SSX On Tour Reader Review
So what have we learned?
Arguably when the PS2 launched, it had similar problems to the recent 360 launch - the machine itself was great, but there was scarcely anything available for it at launch that did the hardware justice.
Oddly enough, one of the most overlooked titles was one of the first titles I picked up - the Snowboarding game SSX. Surprisingly for me (not a massive fan of extreme sports games) it turned out to be a rivetting addictive and satisfying game and one that got more of my friends buying PS2s than any of the other titles I picked up at launch.
A couple of years later, EA's "BIG" studio surpassed themselves and produced a sequel - or more of a remix really, taking the original tracks and characters, adding in a complete fantasy makeover and turning SSX into SSX Tricky - a balls-out excellent game probably criticised only for being about as much like Snowboarding as French Knitting.
EA being EA are not ones to let successful IPs just dwindle away, and so a third game was soon on the cards. But what happened? The series went off the rails in quite spectacular fashion trying to be so uber-cool it froze gamers out, and SSX3 is now remembered for being the worst of the series...until now? Well we'll see shall we...
It would seem that EA are quite well aware of the fact that they've launched an absolute stinkard of a game. SSX On Tour was barely advertised, not hyped, and you would have to scrabble around to find a decent review of it anywhere. Why is this? Well it could have a lot to do with the fact that people just don't care about the series any more, or it just could be that it's so dreadful that it was quietly hushed away onto the backburner.
Anyway, I figured it was worth grabbing so picked it up relatively cheaply and dove in with both feet strapped firmly to the board (there are also skis in the game for the first time by the way, but as we all know, ski-ing is about as cool as painting your arse blue and waggling it at passing motorists).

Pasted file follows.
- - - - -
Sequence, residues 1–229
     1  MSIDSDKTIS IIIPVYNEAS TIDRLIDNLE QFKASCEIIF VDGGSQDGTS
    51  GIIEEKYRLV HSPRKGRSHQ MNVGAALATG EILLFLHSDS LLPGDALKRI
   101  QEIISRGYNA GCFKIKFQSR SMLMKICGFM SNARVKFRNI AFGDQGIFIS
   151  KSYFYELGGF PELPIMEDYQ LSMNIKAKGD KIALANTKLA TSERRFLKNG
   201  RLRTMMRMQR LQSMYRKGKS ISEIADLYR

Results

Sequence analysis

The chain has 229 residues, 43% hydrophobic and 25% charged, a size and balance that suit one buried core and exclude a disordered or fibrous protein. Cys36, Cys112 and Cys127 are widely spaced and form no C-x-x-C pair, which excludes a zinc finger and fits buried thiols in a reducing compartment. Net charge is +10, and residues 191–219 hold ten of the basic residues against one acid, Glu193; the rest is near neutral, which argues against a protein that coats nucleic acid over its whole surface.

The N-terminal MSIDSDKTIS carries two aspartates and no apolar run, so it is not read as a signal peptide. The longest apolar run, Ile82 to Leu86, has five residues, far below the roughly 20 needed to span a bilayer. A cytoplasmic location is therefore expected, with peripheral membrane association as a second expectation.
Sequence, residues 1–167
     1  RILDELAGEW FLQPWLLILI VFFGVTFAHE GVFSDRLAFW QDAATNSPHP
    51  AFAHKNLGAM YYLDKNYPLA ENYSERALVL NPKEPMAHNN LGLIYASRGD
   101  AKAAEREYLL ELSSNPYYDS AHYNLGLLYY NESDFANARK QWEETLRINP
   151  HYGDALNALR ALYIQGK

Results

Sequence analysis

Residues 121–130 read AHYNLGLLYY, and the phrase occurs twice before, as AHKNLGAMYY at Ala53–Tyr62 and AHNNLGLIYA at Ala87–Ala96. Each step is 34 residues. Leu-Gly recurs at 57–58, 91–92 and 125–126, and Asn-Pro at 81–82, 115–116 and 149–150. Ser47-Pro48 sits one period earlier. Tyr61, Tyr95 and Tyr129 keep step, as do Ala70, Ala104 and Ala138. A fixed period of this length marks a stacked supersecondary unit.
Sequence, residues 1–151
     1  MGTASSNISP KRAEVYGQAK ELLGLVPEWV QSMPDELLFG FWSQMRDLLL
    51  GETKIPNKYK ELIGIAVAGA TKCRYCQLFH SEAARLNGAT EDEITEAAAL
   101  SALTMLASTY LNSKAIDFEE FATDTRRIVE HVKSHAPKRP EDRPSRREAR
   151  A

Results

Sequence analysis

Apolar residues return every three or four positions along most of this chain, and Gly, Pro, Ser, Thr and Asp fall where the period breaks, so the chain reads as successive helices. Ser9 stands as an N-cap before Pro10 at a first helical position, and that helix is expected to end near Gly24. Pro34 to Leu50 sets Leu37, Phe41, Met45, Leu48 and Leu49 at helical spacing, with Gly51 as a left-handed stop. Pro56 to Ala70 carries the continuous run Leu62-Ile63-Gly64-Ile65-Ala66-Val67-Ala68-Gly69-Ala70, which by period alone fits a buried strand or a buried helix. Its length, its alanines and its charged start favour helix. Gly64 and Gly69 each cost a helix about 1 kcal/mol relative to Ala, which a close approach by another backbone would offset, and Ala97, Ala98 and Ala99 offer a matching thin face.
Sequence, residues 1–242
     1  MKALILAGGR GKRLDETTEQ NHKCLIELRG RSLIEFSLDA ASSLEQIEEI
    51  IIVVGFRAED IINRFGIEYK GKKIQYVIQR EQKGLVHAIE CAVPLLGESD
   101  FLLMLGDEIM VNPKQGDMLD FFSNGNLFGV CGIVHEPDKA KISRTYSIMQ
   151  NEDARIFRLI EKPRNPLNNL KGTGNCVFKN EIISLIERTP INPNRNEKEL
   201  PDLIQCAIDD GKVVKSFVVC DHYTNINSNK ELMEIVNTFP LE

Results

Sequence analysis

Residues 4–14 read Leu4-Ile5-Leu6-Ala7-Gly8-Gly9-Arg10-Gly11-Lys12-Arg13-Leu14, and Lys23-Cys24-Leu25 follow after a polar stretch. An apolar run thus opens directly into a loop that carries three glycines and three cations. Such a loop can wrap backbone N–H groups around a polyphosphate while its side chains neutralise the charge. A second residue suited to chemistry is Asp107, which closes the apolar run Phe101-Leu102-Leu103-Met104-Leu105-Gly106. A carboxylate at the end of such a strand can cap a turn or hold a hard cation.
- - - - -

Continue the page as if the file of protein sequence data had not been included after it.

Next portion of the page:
SSX On Tour features a very similar game dynamic to SSX3 - you choose what you want to compete in across several challenges, sort yourself out a character (from the usual EA "make a goon" character editor - although this version seemed strangely lacking). Grab a board (or skis if you must) and then hit the slopes in everything from races to trick-point-accumulation challenges.
Sticky like glue.
Oddly though it grated at first, I came to like the presentation of this game. Menus and loading screens look like the insane doodlings of a 15 year old, but are quite entertaining. As usual the game does have the feel of having EA's huge wads of cash spent on it to produce something very nice and spick and span, so how does it play?
Well quite frankly, the controls are all over the place compared to earlier titles, but you get used to them after a while and soon get a handle on performing some decent tricks. Graphically the game is superb with some impressive character animation, modelling and draw distances as well as some very involving environments which veer towards real-life settings rather than the bistromatic visuals of SSX Tricky. Sound is also used to good effect but I won't waste anyone's time by having yet another moan about EA's choice of music. It can be turned off. Bear that in mind.
Would you hit it?
Oddly EA seem to be suffering from a serious loss of direction of late, with some of their former triple-A franchises just not selling, or being quietly tucked away. SSX On Tour is one such title which you'd expect a lot of gamers to have gone nuts about, but barely even registered on most people's gaming radar. Which to be honest, after a few days play, will seem like a shame because there is definitely something here to enjoy - though not to the extent of being an instant classic like Tricky (which will always remain the best in the series for me).
SSX On Tour is a title that, if you see it languishing in a bargain bin, you might want to pick it up. It has its dull moments but there is also quite a challenging learning curve when you dive deeper into the game, and you will find that there is long term appeal if you really are a dyed in the wool fan of the game. Ironically SSX has always been compared to Amped, though they're very different games. This time round, the comparison is even closer because when you play this game you will be so heavily reminded of Amped 1 that if you've always been an SSX hater and have always favoured the other franchise, you might like this a heck of a lot. But for me I'll wait until EA Big realise what the magic formula was, and that it had nothing to do with trying to provide a realistic and empty simulation of actual snowboarding, because as we all know - sitting in front of your telly with a pad in your hand cannot compare to getting out there in the powder...
7 / 10